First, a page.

Meet the Surprising Kombu-Cured Beef Toast at Greenpoint’s Achilles Heel

This beef tartare toast can change minds about tomatoes. Photo by Alicia Kennedy.

Achilles Heel is just far enough north in Greenpoint that when I go, I normally only grab a drink, assuming I can walk home to Clay Street and make myself dinner (I don’t, I just make garlic bread in the broiler, but let’s pretend). But on a Thursday night at the end of summer when you’re stir-crazy after a bad day and your refrigerator is broken so you can’t cook, Achilles Heel is perfect. And if you happen to get trapped by a late-afternoon thunderstorm, do yourself a favor and order some food.

The bar is an Andrew Tarlow joint, which means the lighting is dim, the music is really good and the food is sort of archetypically Brooklyn-delicious. The menu changes pretty much daily, and while you can check it on their website, it’s full of those verbless three-word dish descriptions that sound more like a shopping list than anything else. (For instance, the menu on 8/30: spicy melon; tomato, butter beans, oyster toast; lobster mushrooms & zucchini.) It’s a stark departure from the Brooklyn restaurants whose geotags are stacked with the same marquee dish varying only in if it’s an overhead shot or a close-up (looking at you, Sunday in Brooklyn s’mores soft-serve), and for someone who obsessively looks at restaurants on social media (hi), it‘s weird but rewarding to go into any meal blind.

Rewarding, because I ended up surprised as hell by what I thought was just going to be beef tartare. It was on the menu as “kombu-cured beef toast.” Cool, okay, it was pouring and thundering and I had a busy day at work, and in addition to another Peekskill Simple Sour, I wanted raw meat and carbs in my face, post-haste.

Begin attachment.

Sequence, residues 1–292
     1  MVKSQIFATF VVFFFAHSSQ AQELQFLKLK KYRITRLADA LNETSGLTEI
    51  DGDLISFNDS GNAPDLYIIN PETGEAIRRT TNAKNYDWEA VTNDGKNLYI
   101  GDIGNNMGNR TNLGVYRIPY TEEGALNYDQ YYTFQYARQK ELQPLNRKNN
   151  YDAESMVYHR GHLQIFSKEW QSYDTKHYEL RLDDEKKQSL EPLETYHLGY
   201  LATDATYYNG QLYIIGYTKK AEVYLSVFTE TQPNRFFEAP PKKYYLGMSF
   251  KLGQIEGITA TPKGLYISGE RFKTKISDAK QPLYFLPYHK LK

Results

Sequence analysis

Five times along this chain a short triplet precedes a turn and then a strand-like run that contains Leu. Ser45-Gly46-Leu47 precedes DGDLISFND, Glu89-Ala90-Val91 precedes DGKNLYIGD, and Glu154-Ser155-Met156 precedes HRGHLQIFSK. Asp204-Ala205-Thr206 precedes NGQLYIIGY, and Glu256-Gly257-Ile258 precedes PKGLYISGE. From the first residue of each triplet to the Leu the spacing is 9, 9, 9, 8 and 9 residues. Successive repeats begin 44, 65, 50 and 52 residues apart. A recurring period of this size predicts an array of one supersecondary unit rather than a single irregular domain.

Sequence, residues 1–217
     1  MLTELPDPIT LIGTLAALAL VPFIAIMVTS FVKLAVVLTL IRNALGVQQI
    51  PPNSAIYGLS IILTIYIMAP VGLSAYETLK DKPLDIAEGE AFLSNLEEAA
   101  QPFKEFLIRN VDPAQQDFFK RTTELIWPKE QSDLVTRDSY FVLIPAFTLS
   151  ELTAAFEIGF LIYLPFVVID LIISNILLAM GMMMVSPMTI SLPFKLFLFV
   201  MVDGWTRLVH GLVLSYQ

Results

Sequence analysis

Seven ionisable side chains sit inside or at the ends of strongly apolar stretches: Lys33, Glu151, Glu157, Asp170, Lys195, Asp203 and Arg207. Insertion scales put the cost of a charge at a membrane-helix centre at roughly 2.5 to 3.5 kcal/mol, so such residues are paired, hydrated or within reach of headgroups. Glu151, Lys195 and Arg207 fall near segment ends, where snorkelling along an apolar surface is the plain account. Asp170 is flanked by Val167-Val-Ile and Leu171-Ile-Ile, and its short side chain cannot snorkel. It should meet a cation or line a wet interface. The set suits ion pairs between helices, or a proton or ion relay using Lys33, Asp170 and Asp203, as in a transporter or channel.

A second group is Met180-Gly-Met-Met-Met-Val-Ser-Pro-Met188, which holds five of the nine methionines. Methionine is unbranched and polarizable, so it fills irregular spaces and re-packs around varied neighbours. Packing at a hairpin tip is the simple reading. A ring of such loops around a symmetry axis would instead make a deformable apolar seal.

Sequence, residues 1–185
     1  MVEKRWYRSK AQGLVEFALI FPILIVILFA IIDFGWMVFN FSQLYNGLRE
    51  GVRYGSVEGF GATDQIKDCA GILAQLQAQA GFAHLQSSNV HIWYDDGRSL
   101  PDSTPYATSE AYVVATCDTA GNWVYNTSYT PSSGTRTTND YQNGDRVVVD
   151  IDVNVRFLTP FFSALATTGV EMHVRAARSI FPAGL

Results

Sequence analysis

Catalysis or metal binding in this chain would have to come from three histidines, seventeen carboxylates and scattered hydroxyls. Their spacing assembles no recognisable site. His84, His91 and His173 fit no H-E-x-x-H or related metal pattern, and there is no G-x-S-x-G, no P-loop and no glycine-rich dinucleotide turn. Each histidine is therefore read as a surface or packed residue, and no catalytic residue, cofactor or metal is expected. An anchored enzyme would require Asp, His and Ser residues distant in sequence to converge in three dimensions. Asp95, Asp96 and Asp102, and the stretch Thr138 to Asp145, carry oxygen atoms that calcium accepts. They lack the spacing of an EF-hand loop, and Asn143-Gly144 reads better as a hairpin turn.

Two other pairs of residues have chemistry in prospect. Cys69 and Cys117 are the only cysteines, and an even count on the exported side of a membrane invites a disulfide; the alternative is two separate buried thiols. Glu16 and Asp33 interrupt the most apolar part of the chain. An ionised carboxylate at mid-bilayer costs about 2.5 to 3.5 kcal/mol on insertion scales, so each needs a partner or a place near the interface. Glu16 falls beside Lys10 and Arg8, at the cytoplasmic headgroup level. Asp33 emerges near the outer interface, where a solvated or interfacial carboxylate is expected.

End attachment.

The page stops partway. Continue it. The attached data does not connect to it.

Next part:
Achilles Heel, though, is really sneaky, and I was going to get some vegetables, too. The beef toast turned out to be a pan con tomate–beef tartare hybrid situation, with chopped beef mixed with seedless tomato pieces, everything the same color and roughly the same size, piled on top of some grilled Shewolf bread going slack underneath it all. At this point in my life, it’s a professional tic to notice if the lighting and dishes in a restaurant are photo-friendly. Neither were.

The whole thing reminded me of a special I had at Night + Market Song. What resembled preternaturally yellow and incredibly sweet corn was actually grilled corn covered in melted coconut sugar and turmeric. The beef toast pulled the same neat trick of amplifying individual flavors but sneaking the means of doing so under your radar. Curing raw beef in kombu and mixing it with tomatoes is, after all, basically glutamate heaven. After I finished the toast I speared every last straggler piece of tomato with the tines of my fork. Even if I wanted to take a photo, I ate too fast to make it happen.

I always thought I didn’t really like tomatoes—to me, they smelled like they came from a clogged sink trap (I know, this is a Bad Look for someone from New Jersey). But after dinner at Achilles Heel, I had a few revelations. Firstly, I don’t hate tomatoes. I actually really, really like them. Secondly, raw tomatoes make me break out in wicked hives. I figured this out halfway through the dish, which led me to my last realization: I was going to finish it, partly to keep my hands saucy and busy so I couldn’t scratch my welts, but also because it was the best thing I’d eaten all summer.

When you work to make events and products and spaces as Instagrammable as possible for a living like I do, it almost feels like a mis-step not to optimize every inch of a restaurant. But at the end of the day, does Brooklyn really need another punny neon sign or monstera-printed accent wall or graphic tile floor to snap, especially when the food’s just this fucking good? The answer is, obviously, “shut up about Instagram and eat the last piece of toast.”